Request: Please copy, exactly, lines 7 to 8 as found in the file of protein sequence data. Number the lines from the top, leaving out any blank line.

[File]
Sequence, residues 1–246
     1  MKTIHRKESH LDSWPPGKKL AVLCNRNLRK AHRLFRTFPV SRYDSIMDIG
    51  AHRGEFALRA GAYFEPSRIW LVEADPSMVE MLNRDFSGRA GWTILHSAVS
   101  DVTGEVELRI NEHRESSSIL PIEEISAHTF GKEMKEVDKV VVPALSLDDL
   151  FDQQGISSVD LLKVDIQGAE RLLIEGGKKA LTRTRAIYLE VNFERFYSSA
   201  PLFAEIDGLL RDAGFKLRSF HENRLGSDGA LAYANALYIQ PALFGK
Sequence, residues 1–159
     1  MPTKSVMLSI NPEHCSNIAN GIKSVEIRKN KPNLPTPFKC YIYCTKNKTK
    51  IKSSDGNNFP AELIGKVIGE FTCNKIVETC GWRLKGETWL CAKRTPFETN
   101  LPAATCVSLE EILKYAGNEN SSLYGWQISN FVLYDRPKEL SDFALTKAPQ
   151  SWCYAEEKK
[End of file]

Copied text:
Sequence, residues 1–159
     1  MPTKSVMLSI NPEHCSNIAN GIKSVEIRKN KPNLPTPFKC YIYCTKNKTK